With Strong Service Recovery, Cruise Lines Find Silver Lining

After any service failure, a business has the opportunity to fix the problem. If the business responds quickly, efficiently, and in a straightforward way, it may even end up with higher customer satisfaction and brand loyalty than before the problem occurred.

Over the past month, we’ve seen a series of unfortunate incidents for cruise lines. Strong winds and poor weather caused problems and delays for Carnival’s Inspiration. Royal Caribbean’s Brilliance of the Seas was rocked by rough waters, causing some injuries to passengers. With the prevalence of mobile devices and laptops, passengers reported their discomfort right away. It’s not so much what happens, but how cruise lines respond that really affects loyalty to the brand.

When Coyle’s hospitality consultants perform service recovery tests on cruises, for instance, they give ships the opportunity to identify guests’ problems and address them accordingly. Cruises, like many businesses, are susceptible to forces beyond their control; that’s why good service recovery practices are a key to guest satisfaction and brand image. Cruise mystery shoppers often pinpoint what is working and what isn’t within a cruise line’s service recovery program.  

An industry that takes its chances with nature has to be able to respond to factors that affect guest satisfaction. In an age when anything ‘bad’ is instantly tweeted to thousands of followers, addressing problems quickly is more important then ever. We found Carnival’s ability to quickly respond to a crisis last month earned it credibility among guests who otherwise might have easily turned their backs on the line (see our previous post, What Carnival Did Right). Even as  Brilliance of the Seas is still cruising, Royal Caribbean has already given passengers credit to spend on board as well as full refunds. It may be an expensive decision for RCL, but it has a tremendous customer-loyalty payoff.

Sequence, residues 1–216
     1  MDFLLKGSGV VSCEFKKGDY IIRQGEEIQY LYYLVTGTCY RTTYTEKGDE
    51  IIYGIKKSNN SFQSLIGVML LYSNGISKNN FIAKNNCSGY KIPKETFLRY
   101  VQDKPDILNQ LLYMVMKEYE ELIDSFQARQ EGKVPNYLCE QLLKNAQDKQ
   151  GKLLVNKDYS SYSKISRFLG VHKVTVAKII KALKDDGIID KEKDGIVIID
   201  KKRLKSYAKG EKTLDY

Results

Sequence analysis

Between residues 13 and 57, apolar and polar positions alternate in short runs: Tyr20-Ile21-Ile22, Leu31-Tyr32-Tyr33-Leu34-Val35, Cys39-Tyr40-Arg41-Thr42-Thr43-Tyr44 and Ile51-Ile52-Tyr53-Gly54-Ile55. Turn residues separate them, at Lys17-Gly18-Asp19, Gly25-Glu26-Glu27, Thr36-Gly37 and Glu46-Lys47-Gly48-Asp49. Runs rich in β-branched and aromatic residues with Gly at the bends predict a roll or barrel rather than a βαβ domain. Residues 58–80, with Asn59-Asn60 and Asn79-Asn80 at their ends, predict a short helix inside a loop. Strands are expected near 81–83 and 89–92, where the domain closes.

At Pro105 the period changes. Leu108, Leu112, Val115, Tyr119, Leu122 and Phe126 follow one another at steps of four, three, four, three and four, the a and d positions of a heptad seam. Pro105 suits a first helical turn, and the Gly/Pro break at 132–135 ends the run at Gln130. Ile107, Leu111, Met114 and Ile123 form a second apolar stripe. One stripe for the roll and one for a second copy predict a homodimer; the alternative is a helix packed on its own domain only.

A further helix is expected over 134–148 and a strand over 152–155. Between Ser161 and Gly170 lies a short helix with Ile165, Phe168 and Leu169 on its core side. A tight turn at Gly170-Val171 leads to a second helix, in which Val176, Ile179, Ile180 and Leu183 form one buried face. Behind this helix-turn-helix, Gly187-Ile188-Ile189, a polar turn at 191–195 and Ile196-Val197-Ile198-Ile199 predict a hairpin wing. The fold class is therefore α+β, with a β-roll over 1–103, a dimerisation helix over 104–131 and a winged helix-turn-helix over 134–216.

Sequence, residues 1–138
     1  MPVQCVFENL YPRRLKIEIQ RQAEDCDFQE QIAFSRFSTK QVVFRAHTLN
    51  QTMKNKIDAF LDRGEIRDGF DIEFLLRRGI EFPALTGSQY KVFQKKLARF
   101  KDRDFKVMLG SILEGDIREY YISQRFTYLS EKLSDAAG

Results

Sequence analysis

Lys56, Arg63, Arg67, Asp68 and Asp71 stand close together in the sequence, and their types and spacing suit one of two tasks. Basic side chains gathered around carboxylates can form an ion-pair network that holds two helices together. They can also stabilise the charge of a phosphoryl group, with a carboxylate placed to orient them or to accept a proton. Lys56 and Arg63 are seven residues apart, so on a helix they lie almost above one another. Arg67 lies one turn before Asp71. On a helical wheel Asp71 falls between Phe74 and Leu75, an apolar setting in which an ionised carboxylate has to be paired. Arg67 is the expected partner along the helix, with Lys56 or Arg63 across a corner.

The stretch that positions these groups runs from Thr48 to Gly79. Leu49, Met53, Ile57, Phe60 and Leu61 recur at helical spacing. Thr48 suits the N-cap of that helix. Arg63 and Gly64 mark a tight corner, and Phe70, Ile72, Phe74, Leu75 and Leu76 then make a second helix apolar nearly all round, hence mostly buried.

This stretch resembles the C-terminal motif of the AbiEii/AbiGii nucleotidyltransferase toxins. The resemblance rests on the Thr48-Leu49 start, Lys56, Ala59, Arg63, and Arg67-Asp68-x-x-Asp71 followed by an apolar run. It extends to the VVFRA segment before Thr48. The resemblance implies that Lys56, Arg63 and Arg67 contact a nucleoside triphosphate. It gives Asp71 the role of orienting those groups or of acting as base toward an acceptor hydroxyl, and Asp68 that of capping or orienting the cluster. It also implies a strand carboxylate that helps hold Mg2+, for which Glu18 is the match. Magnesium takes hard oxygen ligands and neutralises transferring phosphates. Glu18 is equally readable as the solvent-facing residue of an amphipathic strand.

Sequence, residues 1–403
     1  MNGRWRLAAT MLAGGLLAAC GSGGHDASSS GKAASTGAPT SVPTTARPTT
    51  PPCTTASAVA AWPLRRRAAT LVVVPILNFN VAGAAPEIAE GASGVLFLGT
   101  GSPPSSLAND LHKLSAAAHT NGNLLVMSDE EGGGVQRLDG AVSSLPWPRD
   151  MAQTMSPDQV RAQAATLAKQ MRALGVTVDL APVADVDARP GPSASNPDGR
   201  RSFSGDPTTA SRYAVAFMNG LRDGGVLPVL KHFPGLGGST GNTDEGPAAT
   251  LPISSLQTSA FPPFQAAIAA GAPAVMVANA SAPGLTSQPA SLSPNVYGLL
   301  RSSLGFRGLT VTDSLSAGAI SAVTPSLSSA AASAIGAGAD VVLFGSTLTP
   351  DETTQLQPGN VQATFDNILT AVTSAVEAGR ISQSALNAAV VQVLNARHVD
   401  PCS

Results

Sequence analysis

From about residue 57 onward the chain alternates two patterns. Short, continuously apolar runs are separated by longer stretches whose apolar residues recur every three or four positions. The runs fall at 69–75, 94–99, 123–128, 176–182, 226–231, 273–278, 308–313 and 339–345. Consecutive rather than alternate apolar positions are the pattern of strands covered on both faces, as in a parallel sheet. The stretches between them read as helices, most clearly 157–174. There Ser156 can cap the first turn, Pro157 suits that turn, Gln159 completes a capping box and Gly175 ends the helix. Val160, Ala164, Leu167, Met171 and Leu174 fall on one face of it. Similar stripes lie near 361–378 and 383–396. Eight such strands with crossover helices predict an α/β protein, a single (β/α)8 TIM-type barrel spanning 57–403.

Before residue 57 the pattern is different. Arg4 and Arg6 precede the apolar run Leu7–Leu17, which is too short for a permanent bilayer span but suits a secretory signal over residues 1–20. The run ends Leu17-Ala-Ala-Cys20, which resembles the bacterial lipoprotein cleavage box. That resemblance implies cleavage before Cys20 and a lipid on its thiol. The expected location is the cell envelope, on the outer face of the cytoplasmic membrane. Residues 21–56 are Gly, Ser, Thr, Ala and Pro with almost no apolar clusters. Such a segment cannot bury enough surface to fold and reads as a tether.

In this National Geographic Traveler piece, Chris Elliot writes that the recent cruise troubles couldn’t have happened at a worse time, occurring during a period when most people book cruises. These incidents give potential passengers reasons to hesitate. But Chris Driscoll of Cruise Week is more optimistic, concluding that these fleeting issues will have just a short-term impact. And speedy resolutions, like Royal Caribbean showed, may even enhance passenger trust that if anything ever should go wrong, the line will address it in a fair way. If adversity has one silver lining, it’s the opportunity for a brand to showcase its solid, caring, and efficient approach to customer service recovery.

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